Employee Fired for Complaining About Color Discrimination, EEOC Charged
SAN JUAN, P.R. -- Koper Furniture, Inc., a furniture company operating in several locations in Puerto Rico, will pay $40,000 and furnish other relief to settle a charge of retaliation at a worksite in San Juan, resolving an employment discrimination lawsuit filed by the U.S. Equal Employment Opportunity Commission (EEOC), the agency announced today.
According to the lawsuit (EEOC v. Koper Furniture, Inc., Case No. 09-1563(JAG)), Jose L. Guadalupe, a dark-skinned Puerto Rican man, was fired in retaliation for complaining to the company about harassment by his supervisor because of his dark skin color.
The consent decree settling the suit was approved on Nov. 7 by U.S. District Court Judge Jay A. Garcia-Gregory. It prohibits Koper Furniture from further retaliating against employees who complain about discrimination. Additionally, the consent decree requires that Koper Furniture amend its current anti-discrimination policy to conform to EEOC policy and to provide four hours of anti-discrimination training to all Koper employees, including management personnel, on a biannual basis.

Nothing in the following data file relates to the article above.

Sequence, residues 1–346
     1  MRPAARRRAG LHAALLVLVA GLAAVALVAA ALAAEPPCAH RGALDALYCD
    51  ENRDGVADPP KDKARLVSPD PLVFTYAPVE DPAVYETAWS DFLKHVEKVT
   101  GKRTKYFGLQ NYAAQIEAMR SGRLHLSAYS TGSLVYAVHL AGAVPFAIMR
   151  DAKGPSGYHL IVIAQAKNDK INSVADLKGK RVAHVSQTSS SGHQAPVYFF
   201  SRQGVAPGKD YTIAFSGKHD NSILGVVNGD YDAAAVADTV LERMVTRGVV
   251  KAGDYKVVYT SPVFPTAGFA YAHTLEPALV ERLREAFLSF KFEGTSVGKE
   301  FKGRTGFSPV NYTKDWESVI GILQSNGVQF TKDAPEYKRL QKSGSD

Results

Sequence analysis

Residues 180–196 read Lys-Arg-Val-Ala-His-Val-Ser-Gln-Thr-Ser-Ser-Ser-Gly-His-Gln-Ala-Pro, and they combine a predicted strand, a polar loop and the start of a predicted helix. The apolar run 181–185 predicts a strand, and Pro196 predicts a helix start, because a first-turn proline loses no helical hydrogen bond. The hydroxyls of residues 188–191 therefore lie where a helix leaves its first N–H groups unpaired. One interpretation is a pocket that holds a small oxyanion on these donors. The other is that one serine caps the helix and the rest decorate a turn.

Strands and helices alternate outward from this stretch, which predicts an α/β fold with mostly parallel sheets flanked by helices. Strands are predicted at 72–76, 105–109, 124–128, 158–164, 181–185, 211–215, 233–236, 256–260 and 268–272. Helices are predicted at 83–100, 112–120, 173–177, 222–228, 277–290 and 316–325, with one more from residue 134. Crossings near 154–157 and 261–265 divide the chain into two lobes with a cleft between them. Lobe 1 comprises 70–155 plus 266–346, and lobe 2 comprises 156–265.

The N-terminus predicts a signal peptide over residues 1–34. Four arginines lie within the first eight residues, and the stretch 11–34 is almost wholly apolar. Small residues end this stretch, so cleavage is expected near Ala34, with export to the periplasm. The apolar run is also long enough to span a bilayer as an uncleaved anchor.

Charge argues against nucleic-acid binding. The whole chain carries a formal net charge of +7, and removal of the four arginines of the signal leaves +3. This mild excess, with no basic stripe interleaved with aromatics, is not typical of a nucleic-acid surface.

“We are delighted that this resolution addresses the systemic problems at this workplace that facilitated the discriminatory misconduct,” EEOC Miami District Director Malcolm S. Medley said. “This consent decree benefits all Koper employees.”
Regional Attorney Robert E. Weisberg of the EEOC’s Miami District Office said, “This consent decree serves to remind employers that the EEOC is vigilant in ensuring that people who engage in legally protected activity – such as standing up to discrimination – are not fired in retaliation.”
The EEOC enforces federal laws prohibiting employment discrimination. Further information about the Commission is available on its web site at www.eeoc.gov.